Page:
Sondheim died at his home Friday in Roxbury, Connecticut, according to his friend F. Richard Pappas, The New York Times first reported. The composer had celebrated Thanksgiving with friends the day before his death, Pappas said in his announcement.
“Rest In Peace, Stephen Sondheim, and thank you for your vast contributions to musical theater. We shall be singing your songs forever. Oh, my heart hurts…” tweeted singer and actor Lea Salonga.
“There are no words I can find for this loss. He would know what to say. Rest well, dearest Steve,” singer and actor Laura Benanti said on Instagram.
“Future historians: Stephen Sondheim was real. Yes, he wrote Tony & Maria AND Sweeney Todd AND Bobby AND George & Dot AND Fosca AND countless more. Some may theorize Shakespeare’s works were by committee but Steve was real & he was here & he laughed SO loud at shows & we loved him,” Lin Manuel Miranda tweeted.
Miranda continued in a second tweet: “& last week, when I wrote him to say his ears must be burning from the countless Sondheim kindnesses being shared from the generations of writers he mentored, he wrote this in reply. Steve: you repaid your debt to Oscar 1000 times over. We love you. I love you. THANK YOU. -LMM.”
“The theater has lost one of its greatest geniuses and the world has lost one of its greatest and most original writers. Sadly, there is now a giant in the sky. But the brilliance of Stephen Sondheim will still be here as his legendary songs and shows will be performed for evermore,” producer Cameron Mackintosh said in a statement.
Singer, actor and director Barbra Streisand tweeted: “Thank the Lord that Sondheim lived to be 91 years old so he had the time to write such wonderful music and GREAT lyrics! May he Rest In Peace.”
“Thank you for everything Mr Sondheim. Speechless. We are so lucky to have what you’ve given the world,” said singer and actor Aaron Tveit, via Twitter.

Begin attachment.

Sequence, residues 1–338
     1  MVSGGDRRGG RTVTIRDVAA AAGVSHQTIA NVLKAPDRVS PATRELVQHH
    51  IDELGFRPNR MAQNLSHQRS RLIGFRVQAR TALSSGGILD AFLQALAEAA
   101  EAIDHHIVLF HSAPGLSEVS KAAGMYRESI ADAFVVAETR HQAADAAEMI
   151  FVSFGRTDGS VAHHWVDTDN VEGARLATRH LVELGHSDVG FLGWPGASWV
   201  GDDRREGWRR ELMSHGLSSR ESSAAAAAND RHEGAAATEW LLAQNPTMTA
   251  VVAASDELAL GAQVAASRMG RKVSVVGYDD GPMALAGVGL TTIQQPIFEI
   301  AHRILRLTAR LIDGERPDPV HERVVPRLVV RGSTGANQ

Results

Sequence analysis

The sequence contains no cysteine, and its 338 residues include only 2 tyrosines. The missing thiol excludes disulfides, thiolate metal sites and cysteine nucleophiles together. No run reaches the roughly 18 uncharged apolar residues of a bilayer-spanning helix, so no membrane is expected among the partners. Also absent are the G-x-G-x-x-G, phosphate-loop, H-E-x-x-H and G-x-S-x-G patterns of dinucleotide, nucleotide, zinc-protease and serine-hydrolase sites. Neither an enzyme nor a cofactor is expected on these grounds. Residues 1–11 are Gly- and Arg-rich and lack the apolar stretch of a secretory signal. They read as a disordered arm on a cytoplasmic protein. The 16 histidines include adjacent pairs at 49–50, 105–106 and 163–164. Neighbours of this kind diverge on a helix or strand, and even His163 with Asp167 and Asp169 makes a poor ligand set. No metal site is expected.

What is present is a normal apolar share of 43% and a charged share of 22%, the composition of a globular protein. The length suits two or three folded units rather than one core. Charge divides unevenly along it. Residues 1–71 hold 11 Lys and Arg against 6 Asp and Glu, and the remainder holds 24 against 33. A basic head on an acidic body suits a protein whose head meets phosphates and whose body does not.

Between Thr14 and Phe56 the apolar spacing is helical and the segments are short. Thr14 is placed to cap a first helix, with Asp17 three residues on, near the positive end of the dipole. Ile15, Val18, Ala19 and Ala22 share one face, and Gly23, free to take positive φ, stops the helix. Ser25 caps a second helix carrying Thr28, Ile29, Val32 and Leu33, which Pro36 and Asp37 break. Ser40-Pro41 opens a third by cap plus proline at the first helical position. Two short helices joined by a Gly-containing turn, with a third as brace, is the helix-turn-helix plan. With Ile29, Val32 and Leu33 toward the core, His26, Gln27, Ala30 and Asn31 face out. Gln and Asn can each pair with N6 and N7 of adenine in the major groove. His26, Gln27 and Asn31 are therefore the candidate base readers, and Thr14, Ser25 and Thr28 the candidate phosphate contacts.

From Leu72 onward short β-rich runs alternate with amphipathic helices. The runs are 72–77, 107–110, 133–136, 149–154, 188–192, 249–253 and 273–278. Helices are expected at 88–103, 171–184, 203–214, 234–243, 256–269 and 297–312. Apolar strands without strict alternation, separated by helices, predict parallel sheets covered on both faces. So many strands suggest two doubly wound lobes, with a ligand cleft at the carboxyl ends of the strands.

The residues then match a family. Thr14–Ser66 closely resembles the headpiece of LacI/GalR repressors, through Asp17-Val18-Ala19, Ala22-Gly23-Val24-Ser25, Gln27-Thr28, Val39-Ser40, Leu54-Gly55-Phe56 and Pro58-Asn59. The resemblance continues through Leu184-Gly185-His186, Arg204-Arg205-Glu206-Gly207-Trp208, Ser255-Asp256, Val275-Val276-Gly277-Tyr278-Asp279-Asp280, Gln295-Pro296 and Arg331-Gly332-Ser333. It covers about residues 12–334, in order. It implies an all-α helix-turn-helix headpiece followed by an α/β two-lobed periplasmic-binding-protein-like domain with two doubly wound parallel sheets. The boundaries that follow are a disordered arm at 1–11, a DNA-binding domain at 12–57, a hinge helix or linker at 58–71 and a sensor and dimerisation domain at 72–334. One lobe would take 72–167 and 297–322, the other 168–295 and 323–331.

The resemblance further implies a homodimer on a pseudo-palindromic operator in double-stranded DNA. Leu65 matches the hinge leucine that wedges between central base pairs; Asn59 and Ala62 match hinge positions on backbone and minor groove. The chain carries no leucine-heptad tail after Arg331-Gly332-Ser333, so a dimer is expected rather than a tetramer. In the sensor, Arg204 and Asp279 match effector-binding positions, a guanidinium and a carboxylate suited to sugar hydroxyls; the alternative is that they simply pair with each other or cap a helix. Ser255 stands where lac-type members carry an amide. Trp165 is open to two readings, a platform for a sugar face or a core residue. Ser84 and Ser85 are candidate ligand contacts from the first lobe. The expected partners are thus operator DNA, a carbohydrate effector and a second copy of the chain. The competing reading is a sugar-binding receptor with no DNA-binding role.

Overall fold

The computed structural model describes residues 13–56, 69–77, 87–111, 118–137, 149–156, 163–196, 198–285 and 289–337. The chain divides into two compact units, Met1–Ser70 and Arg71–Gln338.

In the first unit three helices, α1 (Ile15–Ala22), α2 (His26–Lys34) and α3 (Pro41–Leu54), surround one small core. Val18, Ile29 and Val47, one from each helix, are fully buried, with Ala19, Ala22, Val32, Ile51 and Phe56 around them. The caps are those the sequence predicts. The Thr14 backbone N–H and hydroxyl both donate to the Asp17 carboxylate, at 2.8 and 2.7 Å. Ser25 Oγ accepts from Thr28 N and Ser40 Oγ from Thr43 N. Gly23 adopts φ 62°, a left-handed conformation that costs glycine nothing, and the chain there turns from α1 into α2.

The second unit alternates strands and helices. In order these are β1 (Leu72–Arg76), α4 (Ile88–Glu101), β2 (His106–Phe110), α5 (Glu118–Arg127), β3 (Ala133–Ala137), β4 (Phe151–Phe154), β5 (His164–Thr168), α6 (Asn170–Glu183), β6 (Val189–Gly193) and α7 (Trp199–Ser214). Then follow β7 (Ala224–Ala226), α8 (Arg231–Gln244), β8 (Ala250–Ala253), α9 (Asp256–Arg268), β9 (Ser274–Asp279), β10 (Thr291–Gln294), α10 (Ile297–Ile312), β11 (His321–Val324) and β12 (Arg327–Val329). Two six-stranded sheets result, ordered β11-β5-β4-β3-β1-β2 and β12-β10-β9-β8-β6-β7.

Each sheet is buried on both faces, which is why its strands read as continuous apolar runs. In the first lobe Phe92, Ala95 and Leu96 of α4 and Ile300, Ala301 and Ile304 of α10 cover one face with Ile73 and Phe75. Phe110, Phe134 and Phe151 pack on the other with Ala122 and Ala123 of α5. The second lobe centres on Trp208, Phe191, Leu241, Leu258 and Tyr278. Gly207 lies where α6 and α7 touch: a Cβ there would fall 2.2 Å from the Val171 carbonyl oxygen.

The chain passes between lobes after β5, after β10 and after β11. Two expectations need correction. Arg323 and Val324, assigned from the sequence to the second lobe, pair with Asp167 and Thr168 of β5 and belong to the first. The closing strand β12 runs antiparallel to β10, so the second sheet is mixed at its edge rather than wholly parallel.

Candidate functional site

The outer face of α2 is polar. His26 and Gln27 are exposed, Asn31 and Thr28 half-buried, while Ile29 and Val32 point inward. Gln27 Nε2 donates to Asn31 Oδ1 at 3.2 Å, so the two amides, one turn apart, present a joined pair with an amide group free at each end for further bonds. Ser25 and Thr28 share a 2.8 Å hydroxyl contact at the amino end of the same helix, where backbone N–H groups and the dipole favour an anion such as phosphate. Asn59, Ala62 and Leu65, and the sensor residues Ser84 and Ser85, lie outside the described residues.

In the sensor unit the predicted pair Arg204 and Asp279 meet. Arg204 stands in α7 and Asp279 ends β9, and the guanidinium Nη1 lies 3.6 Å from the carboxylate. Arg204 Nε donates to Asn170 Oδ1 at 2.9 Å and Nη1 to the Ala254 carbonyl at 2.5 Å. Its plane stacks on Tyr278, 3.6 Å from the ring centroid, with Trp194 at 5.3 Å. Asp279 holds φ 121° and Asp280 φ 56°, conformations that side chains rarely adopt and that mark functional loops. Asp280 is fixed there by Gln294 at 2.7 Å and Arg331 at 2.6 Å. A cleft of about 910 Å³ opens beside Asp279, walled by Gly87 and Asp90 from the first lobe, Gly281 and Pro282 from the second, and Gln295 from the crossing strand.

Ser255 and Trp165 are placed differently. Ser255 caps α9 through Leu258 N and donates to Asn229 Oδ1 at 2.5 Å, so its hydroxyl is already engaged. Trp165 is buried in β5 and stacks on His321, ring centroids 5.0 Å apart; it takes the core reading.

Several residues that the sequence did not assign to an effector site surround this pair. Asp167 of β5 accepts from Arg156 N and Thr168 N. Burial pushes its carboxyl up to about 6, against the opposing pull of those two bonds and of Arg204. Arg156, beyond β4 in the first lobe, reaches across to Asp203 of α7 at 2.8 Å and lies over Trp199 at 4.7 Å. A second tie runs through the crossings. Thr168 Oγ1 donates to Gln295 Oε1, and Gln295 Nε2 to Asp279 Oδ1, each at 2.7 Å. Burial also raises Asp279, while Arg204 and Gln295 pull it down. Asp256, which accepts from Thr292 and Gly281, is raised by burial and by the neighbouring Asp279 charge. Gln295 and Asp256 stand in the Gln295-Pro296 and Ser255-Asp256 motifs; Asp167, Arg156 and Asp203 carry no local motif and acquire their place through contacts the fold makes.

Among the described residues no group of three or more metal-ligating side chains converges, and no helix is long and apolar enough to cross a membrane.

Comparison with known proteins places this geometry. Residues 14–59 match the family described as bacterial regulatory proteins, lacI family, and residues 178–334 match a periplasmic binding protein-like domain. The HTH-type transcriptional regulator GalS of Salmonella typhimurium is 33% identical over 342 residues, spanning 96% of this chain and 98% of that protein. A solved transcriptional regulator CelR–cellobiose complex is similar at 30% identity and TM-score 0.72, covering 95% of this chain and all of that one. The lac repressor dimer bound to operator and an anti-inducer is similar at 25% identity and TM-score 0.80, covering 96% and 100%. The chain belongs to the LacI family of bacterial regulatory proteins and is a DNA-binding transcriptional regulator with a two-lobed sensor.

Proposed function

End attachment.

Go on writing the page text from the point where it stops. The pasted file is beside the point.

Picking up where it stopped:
“He influenced all of us, whether we knew it or not. Rest In Peace. You were a gift to this world,” singer Kristin Chenoweth wrote.
Judy Kuhn tweeted: “Devastating news. Hard to fathom that he was in fact mortal like the rest of us. But bow lucky are we to have lived in the world at the same time as this great man. No one can replace him.”
“I am so so sad to lose my friend Steve Sondheim. He gave me so much to sing about. I loved him dearly and will miss him so much. Thank you for all the gifts you gave the world, Steve,” singer Bernadette Peters said.
A tribute from actor Hugh Jackman also reads: “Every so often someone comes along that fundamentally shifts an entire art form. Stephen Sondheim was one of those. As millions mourn his passing I also want to express my gratitude for all he has given to me and so many more. Sending my love to his nearest and dearest.”
“For those of us who love new musical theater: we live in a world that Sondheim built. My spirit is low, and I swear the city is quieter than usual tonight with the knowledge that he’s gone. Feeling thankful for all he created and for the awe he will continue to inspire,” music supervisor, arranger and orchestrator Alex Lacamoire wrote on Twitter.
Chita Rivera added that her “heart is saddened for the loss.”
“But my memories live on forever,” Rivera concluded on Twitter.
Sondheim was considered one of the best composers of Broadway. His work included the lyrics for “West Side Story” and “Gypsy.” His catalog included “Company,” “Sweeney Todd,” “Merrily We Roll Along” and “Into The Woods.” His most famous ballad, “Send in the Clowns,” has been recorded hundreds of times, including by Frank Sinatra and Judy Collins.
Sondheim was recognized for his work and received Tony awards and even a Pulitzer. He won the 1993 Kennedy Center Honors for lifetime achievement and was also awarded the Presidential Medal of Freedom by Barack Obama in 2013.
The Associated Press contributed to this report.